The cast performs “All That Jazz” in the Village Theatre’s production of “Chicago.” (Photo by Jay Koh / contributed)

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Chicago” was always ahead of its time. 

The original 1975 Broadway production, directed and choreographed by the brilliant Bob Fosse, was successful but received a tepid to mixed critical reception. 

It wasn’t until the 1996 Broadway revival, when a cultural shift indicated the public was now accustomed to its “criminal as celebrity” theme, that “Chicago” became a mega-hit. According to Wikipedia statistics, the revival has played more than 6,472 performances; making it the third longest-running show in Broadway history. 

The revival spawned Rob Marshall’s Academy Award winning 2002 movie version, which sparked a brief resurgence of the movie musical genre as well.

I saw the Broadway revival in 2005. It was exciting, but notable primarily for its “stripped down” style. The cast was dressed completely in black, the orchestra was on stage, and the set design consisted of a few chairs. There is nothing “stripped down” about the Village Theatre production. 

A full set design

Director Steve Tomkins explains, “Fosse’s indelible imprint on ‘Chicago’ resonates in any production. We wanted to pay homage ... and yet create a production that was not a copy of the revival.” 

This production features a full set design by Tom Sturge, and there is no shortage of razzle dazzle elsewhere, either. 

In Karen Ann Ledger’s costumes, everyone glitters in shades of blue, black, silver, and gold. 

The vibrant musical direction by Tim Symons and R.J. Tancioco makes the John Kander and Fred Ebb score, including the showstopping “All That Jazz,” “Cell Block Tango,” “We Both Reached For The Gun,” “Razzle Dazzle” and “Hot Honey Rag,” irresistible. Kristin Holland’s stunning choreography provides the perfect mix of sizzle, sass and sex. 

This production, popping with astonishing vitality, is as intoxicating and super-energized as a caffeine binge. Fosse would be so proud.

Respectful of original

Holland is respectful of Fosse’s original concept of all musical numbers reflecting a different vaudeville style or entertainer. There is very little breathing space between the musical numbers, however. This was likely a deliberate tactic by Fosse to distract from the fact that the plot, derived from Maurine Dallas Watkins’ account of two sensational murder trials in 1920s Chicago, features some unsavory characters.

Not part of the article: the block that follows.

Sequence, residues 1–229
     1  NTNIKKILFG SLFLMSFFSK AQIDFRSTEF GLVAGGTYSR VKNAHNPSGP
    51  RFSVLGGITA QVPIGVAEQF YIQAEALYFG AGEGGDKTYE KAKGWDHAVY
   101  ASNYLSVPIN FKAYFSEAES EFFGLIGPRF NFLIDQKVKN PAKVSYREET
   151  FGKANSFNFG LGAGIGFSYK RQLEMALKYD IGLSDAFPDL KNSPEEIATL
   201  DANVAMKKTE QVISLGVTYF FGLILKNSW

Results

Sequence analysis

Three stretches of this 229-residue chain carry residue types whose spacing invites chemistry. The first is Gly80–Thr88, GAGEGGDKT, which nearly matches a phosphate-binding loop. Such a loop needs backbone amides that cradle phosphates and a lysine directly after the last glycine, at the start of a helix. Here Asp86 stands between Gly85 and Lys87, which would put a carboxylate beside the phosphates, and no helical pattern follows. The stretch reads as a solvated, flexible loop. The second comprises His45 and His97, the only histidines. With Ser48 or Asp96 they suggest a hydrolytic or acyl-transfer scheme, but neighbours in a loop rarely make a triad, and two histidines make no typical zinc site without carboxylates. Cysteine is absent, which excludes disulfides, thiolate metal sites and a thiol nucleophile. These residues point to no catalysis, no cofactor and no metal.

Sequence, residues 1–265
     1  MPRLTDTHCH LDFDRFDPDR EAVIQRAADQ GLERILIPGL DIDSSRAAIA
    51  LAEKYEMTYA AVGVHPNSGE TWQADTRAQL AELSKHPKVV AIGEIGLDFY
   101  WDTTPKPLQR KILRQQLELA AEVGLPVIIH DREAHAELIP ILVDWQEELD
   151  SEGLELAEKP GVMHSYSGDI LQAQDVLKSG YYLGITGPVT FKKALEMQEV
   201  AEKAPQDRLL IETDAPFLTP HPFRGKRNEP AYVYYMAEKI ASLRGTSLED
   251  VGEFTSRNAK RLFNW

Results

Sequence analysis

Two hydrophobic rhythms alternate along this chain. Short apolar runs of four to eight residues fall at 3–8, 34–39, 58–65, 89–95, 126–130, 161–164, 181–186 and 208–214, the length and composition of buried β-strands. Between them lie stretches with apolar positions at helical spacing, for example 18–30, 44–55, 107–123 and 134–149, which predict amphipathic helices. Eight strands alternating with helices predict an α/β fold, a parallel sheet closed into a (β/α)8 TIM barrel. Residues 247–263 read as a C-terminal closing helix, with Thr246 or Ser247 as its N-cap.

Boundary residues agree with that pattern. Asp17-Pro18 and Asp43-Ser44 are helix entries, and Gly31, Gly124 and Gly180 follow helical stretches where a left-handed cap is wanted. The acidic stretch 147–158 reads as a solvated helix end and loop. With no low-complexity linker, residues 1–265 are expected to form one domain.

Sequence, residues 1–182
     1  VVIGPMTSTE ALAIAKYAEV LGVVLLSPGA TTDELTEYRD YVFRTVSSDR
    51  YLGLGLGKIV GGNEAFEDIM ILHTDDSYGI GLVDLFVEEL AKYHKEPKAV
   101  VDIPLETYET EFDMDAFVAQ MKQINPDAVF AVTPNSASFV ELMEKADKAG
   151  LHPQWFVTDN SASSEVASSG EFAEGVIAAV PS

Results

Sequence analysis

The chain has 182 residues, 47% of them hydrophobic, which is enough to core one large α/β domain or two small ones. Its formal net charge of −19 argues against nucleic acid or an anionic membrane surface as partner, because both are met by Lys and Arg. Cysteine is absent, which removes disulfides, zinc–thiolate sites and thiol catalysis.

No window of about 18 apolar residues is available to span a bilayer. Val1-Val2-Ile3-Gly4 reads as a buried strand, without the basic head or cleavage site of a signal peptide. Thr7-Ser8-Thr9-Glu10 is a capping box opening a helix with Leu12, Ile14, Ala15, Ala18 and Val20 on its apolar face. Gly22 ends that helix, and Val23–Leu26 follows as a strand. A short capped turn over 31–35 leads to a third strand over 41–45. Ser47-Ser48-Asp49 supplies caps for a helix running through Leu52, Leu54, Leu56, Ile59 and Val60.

There is very little subtlety or depth to the characters, although they are vividly portrayed by an excellent cast. Roxie (Taryn Darr) and Velma (Desiree Davar) are two remorseless murderesses who hope their crimes will make them celebrities. That is not a far-fetched notion, because as Mama Morton (Shaunyce Omar) says, “In this town, murder is a form of entertainment.” 

Roxie and Velma are coached by their lawyer Billy Flynn (a perfectly sleazy Timothy McCuen Piggee) on how to manipulate the media and sway the jury. Darr is perfectly cast as conniving Roxie, whose bombshell, baby doll sex appeal barely conceals a heart as cold as ice. Perhaps the only sympathetic character is Amos, Roxie’s hapless yet devoted husband. Richard Gray’s performance of Amos’ solo “Mr. Cellophane” makes him instantly endearing. As Velma, Davar is a hot bundle of talent, with a performance style reminiscent of Liza Minnelli at her best.

Very funny

Although the satirical and cynical tone of “Chicago” may put some people off, it is also very funny. You have to laugh when characters as unscrupulous as Mama Morton and Velma complain, in the ironic number “Class” that society suffers from a lack of good manners and decent human values. 

And “sob sister” reporter Mary Sunshine has a hilarious secret I would not dare reveal. In addition, the stamina displayed by the indefatigable dancing ensemble will likely leave you in breathless awe. 

It doesn’t matter if you see this production in Issaquah or Everett. But, whatever you do, go see “Chicago.”

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